Special Issue "Organic Nanomaterials in Biomedicine: Applications and Perspectives"

A special issue of Nanomaterials (ISSN 2079-4991).

Deadline for manuscript submissions: closed (17 July 2019).

Special Issue Editor

Dr. Giovanni Signore
E-Mail Website
Guest Editor
Scuola Normale Superiore
Interests: 1: development of organic-based, targeted nanostructures for drug delivery. Particular interest is paid to the issue of protein (more specifically enzyme) delivery in specific subcellular compartments (lysosomes and cytoplasm); 2: development of fluorescent probes for intracellular sensing of physico-chemical properties, tailored to better diagnosis and understanding of molecular mechanisms underlying pathological states
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Special Issue Information

Dear Colleagues,

In recent years, organic-based nanomaterials have emerged as a powerful tool in diagnostics and therapeutics and hold the potential of becoming a disruptive technology compared with the currently used clinical approaches, because they may allow to attain a high loading efficiency with drugs and biomolecules. The tuneable surface chemistry—based on simple chemical modifications—allows to modulate the interactions with tissues and cells, leading to selective and efficient binding of biomolecules and improved biodistribution. In this Special Issue, we would like to invite you to submit an original research paper or review paper, which deals with the synthesis and application in biomedicine of organic-based nanomaterials. Topics of interest include the design and characterization of innovative nanostructures, the evaluation of their interactions with biological environments (including intracellular trafficking and interaction with serum proteins), and their use as diagnostic tools. Particular attention will be devoted to the role of targeting sequences in determining the fate of nanomaterials in vitro and in vivo. Novel applications in emerging fields, such as lysosomal and cytoplasmic protein and miRNA delivery, are welcome.

Dr. Giovanni Signore
Guest Editor

Manuscript Submission Information

Manuscripts should be submitted online at www.mdpi.com by registering and logging in to this website. Once you are registered, click here to go to the submission form. Manuscripts can be submitted until the deadline. All papers will be peer-reviewed. Accepted papers will be published continuously in the journal (as soon as accepted) and will be listed together on the special issue website. Research articles, review articles as well as short communications are invited. For planned papers, a title and short abstract (about 100 words) can be sent to the Editorial Office for announcement on this website.

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Please visit the Instructions for Authors page before submitting a manuscript. The Article Processing Charge (APC) for publication in this open access journal is 2200 CHF (Swiss Francs). Submitted papers should be well formatted and use good English. Authors may use MDPI's English editing service prior to publication or during author revisions.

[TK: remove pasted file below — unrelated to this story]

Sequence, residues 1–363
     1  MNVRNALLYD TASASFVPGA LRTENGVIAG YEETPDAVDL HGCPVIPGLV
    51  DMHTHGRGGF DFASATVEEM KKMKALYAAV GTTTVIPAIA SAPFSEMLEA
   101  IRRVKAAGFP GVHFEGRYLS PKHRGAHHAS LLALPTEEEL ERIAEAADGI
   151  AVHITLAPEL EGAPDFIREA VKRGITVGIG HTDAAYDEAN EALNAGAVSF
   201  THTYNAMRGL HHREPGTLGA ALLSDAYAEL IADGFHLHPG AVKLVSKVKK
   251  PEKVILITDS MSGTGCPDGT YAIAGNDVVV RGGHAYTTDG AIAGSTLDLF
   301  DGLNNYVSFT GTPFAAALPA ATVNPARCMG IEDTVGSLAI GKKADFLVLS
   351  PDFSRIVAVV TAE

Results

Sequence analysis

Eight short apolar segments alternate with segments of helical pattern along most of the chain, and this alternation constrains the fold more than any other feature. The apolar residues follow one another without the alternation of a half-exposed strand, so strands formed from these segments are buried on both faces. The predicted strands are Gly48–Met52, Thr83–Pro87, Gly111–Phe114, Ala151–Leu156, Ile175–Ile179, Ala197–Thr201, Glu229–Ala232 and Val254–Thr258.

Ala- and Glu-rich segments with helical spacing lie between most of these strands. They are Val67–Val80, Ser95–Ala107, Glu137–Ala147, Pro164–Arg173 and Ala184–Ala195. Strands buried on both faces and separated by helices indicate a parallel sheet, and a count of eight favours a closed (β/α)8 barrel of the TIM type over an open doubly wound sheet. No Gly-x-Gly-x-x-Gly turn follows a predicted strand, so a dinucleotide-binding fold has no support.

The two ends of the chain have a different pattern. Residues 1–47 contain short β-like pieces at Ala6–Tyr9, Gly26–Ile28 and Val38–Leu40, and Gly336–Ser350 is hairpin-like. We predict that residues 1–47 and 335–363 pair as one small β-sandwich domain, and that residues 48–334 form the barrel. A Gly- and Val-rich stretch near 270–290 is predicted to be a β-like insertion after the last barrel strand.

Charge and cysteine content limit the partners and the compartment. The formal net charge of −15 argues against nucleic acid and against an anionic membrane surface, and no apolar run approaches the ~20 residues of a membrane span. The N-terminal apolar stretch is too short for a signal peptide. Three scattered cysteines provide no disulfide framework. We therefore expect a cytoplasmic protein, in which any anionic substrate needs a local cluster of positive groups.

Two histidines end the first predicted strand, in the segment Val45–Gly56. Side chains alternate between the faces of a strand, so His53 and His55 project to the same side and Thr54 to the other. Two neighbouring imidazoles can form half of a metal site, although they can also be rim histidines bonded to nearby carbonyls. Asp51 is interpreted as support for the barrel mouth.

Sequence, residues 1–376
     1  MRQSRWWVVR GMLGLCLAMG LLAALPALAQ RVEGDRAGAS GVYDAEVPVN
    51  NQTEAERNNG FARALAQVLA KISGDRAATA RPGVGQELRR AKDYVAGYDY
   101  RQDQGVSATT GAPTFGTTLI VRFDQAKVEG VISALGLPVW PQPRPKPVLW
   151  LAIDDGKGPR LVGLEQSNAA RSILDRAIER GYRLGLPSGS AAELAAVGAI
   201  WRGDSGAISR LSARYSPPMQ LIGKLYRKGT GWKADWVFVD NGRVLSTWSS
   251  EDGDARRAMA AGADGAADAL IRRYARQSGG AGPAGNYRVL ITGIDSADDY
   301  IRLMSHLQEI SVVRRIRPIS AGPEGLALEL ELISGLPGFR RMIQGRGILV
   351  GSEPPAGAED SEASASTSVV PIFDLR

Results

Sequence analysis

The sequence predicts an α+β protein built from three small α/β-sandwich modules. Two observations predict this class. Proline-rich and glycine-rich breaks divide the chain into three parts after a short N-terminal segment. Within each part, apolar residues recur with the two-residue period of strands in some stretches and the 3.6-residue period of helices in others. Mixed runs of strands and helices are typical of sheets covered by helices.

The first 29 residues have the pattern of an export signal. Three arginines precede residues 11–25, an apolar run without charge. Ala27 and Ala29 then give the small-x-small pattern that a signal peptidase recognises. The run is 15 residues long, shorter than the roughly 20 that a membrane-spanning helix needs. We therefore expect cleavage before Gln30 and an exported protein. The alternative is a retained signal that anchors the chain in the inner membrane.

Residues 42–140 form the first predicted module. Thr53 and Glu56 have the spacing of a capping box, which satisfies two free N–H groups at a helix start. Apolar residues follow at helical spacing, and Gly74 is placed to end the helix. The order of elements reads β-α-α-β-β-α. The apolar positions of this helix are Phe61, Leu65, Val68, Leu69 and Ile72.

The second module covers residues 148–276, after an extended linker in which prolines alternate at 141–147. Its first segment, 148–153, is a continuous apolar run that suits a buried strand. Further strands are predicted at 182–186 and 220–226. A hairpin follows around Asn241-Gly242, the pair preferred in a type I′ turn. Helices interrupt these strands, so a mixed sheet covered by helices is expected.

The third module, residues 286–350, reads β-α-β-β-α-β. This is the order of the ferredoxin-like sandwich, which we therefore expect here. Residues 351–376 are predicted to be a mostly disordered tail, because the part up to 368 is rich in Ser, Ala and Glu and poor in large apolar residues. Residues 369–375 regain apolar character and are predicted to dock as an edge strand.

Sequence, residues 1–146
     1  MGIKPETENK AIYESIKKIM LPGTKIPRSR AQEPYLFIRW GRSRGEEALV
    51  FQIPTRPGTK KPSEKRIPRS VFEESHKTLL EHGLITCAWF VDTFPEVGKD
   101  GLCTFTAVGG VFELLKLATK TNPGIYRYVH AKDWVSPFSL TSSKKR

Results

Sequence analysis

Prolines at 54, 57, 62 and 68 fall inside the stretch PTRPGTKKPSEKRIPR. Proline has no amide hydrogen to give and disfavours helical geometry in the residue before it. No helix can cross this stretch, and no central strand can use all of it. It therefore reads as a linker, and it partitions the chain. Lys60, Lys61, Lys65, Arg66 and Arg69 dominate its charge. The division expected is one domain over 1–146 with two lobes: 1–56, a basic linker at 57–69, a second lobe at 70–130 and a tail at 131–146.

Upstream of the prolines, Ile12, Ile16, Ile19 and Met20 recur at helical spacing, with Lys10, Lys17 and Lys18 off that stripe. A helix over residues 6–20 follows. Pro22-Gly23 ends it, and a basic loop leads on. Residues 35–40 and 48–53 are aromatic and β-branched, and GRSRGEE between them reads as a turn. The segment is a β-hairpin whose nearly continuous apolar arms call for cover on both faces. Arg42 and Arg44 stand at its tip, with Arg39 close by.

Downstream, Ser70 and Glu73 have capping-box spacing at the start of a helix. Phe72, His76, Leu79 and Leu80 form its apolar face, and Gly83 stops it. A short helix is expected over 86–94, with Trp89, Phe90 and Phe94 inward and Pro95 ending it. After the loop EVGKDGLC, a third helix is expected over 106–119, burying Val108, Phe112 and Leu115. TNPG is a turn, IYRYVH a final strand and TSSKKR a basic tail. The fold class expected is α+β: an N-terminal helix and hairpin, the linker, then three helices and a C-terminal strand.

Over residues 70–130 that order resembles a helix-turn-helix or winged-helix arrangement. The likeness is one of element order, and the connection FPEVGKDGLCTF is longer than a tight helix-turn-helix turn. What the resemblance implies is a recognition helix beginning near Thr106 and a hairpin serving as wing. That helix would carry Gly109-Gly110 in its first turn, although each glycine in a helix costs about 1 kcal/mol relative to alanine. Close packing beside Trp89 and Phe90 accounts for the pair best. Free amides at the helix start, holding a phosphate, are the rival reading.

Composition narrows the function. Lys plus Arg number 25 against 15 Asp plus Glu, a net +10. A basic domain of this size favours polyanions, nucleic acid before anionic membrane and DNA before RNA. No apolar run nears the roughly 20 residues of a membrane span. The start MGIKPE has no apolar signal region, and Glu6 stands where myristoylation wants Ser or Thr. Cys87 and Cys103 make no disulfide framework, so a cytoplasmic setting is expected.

• targeting
  • controlled release
  • protein delivery
  • protein corona

Published Papers (1 paper)

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Nanocarriers for Protein Delivery to the Cytosol: Assessing the Endosomal Escape of Poly(Lactide-co-Glycolide)-Poly(Ethylene Imine) Nanoparticles
Nanomaterials 2019, 9(4), 652; https://doi.org/10.3390/nano9040652 - 23 Apr 2019
Cited by 11 | Viewed by 1814
Therapeutic proteins and enzymes are a group of interesting candidates for the treatment of numerous diseases, but they often require a carrier to avoid degradation and rapid clearance in vivo. To this end, organic nanoparticles (NPs) represent an excellent choice due to their [...] Read more.
Therapeutic proteins and enzymes are a group of interesting candidates for the treatment of numerous diseases, but they often require a carrier to avoid degradation and rapid clearance in vivo. To this end, organic nanoparticles (NPs) represent an excellent choice due to their biocompatibility, and cross-linked enzyme aggregates (CLEAs)-loaded poly (lactide-co-glycolide) (PLGA) NPs have recently attracted attention as versatile tools for targeted enzyme delivery. However, PLGA NPs are taken up by cells via endocytosis and are typically trafficked into lysosomes, while many therapeutic proteins and enzymes should reach the cellular cytosol to perform their activity. Here, we designed a CLEAs-based system implemented with a cationic endosomal escape agent (poly(ethylene imine), PEI) to extend the use of CLEA NPs also to cytosolic enzymes. We demonstrated that our system can deliver protein payloads at cytoplasm level by two different mechanisms: Endosomal escape and direct translocation. Finally, we applied this system to the cytoplasmic delivery of a therapeutically relevant enzyme (superoxide dismutase, SOD) in vitro. Full article
(This article belongs to the Special Issue Organic Nanomaterials in Biomedicine: Applications and Perspectives)
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